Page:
Last Sunday we had a Thanksgiving meal at church. After a festive time of food and laughter, we concluded with an open mic time. The Sunday School kids went first. Marky, my seven year old, went up to the mic and said, “My name is Mark and I am thankful that it’s my birthday.” You can get away with self-centeredness when you’re a cute kid.
I was a little embarrassed at his child-like honesty but not all that surprised. During the week, word got back to my wife and me that he was letting his buds know exactly what gifts they should buy for his party on Saturday. I could just picture the little booger during recess, “Hey man, hook me up with the Star Wars Legos, ok?”
One night, when it was his turn to pray before bed he prayed, “Lord, please don’t let me get any clothes or books for my birthday.” As you can see, he has no problems saying exactly what’s on his mind.
When my mother came over to babysit during the week, true to form, Mark said excitedly, “Grandma, it’s my birthday party this Saturday!” She whispered to me, “I went shopping for his gift, but it was too expensive. How about if I just give him a little money.” I nodded that’s fine and whispered back, “But really mom, you don’t have to give him anything.” She shushed me and dug inside her purse. She pulled out two ten dollar bills. She said, “Mark, it’s not much but happy birthday!” He looked at her, looked at the $20, and said, “Thanks Grandma!” If he stopped there, it would’ve been good. But he continued, “You gave me $20 and the other grandma gave me $200!” I looked at my mom’s face to make sure she wasn’t hurt. She laughed it off and said, “Isn’t it great that you have two grandmas who love you so much!”
I told my son afterwards that sometimes a $20 gift is really like a million dollars because of the deep love behind it. He should feel fortunate that he has two grandmas that love him, period. The amount is secondary. I hope he understood in some small way.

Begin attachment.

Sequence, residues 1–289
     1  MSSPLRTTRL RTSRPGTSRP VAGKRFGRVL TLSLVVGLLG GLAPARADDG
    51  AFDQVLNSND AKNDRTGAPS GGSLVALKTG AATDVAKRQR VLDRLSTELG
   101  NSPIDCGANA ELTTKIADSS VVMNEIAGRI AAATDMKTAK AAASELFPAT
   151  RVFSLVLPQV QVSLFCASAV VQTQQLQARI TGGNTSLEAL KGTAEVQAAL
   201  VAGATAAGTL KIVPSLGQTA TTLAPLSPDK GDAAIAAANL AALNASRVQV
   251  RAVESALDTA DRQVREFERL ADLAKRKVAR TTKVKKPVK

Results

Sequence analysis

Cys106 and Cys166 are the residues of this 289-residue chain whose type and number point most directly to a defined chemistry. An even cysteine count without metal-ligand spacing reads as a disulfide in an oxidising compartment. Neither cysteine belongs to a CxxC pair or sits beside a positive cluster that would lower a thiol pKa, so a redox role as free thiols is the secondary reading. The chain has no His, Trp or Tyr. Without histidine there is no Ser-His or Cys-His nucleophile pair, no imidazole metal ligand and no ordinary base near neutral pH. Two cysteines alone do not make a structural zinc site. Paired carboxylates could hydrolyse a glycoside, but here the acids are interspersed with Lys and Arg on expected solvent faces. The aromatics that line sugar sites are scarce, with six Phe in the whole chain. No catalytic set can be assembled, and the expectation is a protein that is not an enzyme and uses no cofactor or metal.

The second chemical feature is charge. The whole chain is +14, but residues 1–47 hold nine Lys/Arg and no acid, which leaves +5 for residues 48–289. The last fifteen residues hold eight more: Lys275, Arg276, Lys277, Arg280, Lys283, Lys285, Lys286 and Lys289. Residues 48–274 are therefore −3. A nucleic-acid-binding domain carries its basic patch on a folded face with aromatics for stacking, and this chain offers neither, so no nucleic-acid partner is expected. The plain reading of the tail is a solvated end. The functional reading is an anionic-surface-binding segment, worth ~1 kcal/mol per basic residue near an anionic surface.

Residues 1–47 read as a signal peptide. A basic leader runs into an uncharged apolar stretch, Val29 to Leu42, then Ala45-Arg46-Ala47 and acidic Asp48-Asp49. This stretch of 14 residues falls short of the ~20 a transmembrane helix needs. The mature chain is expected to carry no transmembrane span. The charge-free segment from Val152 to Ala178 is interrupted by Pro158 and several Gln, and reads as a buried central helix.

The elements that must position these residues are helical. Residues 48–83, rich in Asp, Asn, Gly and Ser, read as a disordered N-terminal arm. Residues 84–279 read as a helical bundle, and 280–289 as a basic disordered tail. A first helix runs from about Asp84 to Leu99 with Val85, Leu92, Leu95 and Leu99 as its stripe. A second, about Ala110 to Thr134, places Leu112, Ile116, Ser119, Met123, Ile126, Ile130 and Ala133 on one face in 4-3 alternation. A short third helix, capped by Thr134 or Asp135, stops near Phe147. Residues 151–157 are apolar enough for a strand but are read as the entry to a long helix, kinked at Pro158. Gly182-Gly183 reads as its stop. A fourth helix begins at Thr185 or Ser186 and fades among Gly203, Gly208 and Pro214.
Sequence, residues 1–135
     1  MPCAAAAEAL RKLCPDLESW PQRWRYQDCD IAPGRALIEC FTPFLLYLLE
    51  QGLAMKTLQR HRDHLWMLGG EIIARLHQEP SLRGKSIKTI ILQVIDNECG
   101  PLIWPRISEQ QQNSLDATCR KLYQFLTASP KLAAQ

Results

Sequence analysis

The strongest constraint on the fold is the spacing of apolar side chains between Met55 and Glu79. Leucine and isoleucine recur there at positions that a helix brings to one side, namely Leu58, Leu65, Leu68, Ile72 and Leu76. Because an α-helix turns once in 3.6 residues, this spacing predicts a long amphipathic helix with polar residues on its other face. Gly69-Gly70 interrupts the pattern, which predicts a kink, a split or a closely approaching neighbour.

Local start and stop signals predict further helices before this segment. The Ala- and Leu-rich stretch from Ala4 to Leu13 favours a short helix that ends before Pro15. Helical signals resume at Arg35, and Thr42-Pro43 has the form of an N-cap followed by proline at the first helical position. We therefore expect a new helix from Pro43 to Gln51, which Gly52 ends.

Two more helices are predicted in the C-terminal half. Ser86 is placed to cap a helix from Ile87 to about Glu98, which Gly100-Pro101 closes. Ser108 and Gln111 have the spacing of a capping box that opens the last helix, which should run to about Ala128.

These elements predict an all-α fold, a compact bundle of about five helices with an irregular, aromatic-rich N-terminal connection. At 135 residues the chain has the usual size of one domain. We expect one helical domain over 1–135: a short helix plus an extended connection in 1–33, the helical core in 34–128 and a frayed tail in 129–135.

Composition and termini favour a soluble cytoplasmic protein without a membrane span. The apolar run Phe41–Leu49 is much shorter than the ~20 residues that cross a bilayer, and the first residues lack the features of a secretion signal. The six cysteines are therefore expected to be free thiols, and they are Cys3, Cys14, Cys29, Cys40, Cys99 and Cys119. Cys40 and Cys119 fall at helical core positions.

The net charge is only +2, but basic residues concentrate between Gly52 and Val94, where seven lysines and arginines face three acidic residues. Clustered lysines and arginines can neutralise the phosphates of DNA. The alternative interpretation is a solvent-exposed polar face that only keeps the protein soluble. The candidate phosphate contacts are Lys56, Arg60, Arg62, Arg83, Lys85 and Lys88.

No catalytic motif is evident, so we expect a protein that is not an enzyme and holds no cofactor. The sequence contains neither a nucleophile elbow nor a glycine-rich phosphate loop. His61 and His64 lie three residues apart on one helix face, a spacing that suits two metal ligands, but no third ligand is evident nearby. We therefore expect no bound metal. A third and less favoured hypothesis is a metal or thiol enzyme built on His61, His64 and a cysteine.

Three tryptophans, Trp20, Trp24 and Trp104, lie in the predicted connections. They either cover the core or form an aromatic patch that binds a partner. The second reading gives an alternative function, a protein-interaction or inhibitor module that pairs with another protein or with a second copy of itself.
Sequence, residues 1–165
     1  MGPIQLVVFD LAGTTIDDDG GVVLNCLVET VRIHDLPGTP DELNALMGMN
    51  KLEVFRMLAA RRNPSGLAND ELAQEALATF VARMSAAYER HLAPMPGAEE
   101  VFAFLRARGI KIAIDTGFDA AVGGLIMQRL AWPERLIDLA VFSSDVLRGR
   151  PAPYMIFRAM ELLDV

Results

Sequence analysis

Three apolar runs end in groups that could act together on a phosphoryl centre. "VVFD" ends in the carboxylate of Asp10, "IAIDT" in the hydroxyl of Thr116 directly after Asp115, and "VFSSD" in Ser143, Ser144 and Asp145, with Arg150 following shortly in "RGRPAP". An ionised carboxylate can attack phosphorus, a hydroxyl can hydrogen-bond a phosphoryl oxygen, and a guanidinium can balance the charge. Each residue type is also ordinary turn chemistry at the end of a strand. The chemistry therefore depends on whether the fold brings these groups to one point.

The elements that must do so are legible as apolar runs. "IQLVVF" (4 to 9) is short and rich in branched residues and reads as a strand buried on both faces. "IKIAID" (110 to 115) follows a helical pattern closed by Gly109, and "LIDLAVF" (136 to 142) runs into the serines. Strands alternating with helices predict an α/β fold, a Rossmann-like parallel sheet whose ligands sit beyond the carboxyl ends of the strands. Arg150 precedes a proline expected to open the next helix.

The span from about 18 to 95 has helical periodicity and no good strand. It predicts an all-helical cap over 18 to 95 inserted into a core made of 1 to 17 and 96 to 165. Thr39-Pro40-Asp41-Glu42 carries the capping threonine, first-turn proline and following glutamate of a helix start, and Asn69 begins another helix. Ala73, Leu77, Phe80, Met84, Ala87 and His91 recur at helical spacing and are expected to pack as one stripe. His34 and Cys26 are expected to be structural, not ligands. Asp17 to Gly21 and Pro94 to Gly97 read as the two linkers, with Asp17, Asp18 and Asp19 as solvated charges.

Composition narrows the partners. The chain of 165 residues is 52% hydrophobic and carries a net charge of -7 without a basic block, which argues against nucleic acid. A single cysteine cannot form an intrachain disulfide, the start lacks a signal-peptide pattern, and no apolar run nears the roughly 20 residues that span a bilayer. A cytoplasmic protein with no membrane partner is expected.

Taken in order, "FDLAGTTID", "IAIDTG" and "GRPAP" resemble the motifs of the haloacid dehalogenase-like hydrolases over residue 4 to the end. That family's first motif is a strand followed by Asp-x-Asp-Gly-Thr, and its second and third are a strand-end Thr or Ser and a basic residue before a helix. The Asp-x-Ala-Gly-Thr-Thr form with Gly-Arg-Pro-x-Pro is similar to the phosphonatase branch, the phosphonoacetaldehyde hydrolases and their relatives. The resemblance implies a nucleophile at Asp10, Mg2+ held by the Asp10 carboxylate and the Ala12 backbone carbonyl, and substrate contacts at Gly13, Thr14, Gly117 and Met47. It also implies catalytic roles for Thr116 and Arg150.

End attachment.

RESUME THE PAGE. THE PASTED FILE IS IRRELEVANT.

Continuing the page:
Today is Thanksgiving. I bet some of us sat at a table fit for a king while some of us shared a simple dinner with a friend. Perhaps you volunteered at a soup kitchen while some of us, though not in line to received donated food, are going through hard times. Such is life; sometimes we are able to give $200 to our grandson and sometimes we can only give $20 and sometimes nothing at all.
James writes to the scattered church about such things, “Let the lowly brother boast in his exaltation, and the rich in his humiliation, because like a flower of the grass he will pass away.” (James 1:9-10) The church has always been multi-layered as far as socio-economic statuses go. You have your rich, your poor, and everyone in between. Wealth can buy a lot of things such as power, status, and high standard of living, but it can’t buy salvation. James is essentially saying to the rich, “Don’t boast in your possession but in your position (in Christ).” How about those who had very little in earthly possession? James’ advice to them is that they should boast in their riches to come, namely their “exaltation” with Christ. Again, it is not the lack of their possession they should focus on but their position in Christ that secures for them a glorious future. There is no nobility in being poor in itself, just as there is no inherent evil in being rich; it’s what you put your hope in that makes you the person you are.
Without the gospel, wealth will produce pride and poverty will produce envy. That’s exactly what Satan wants – for our present circumstance, rather than the gospel, to be the eternal statement of who we are (Tempted and Tried, Moore). This world may label us as “$200″ or “$20″ people, but not the gospel; the gospel sees us as people who are “rich in Christ” and for that we are thankful to no end.
The gospel produces wealthy people who are humble and generous. They glory in their saved-sinner status and know nothing they have truly belongs to them. They are humble stewards and refuse to use their wealth for one-upmanship or for self-exaltation. Instead, they use it to serve and bless others.
The gospel also produces poor people of dignity and hope, for they know that in their lacking God is whetting their appetites for riches to come. Rather than complaining and envying for what they don’t have, they relish in opportunities to depend on God. They become people of sweet brokenness, people who are “poor in spirit” but rich in Christ.
Give Thanks, Don Moen
Give thanks with a grateful heart
Give thanks unto the Holy One
Give thanks because he’s given Jesus Christ his Son
And now let the weak say “I am strong”
Let the poor say “I am rich”
Because of what the lord has done for us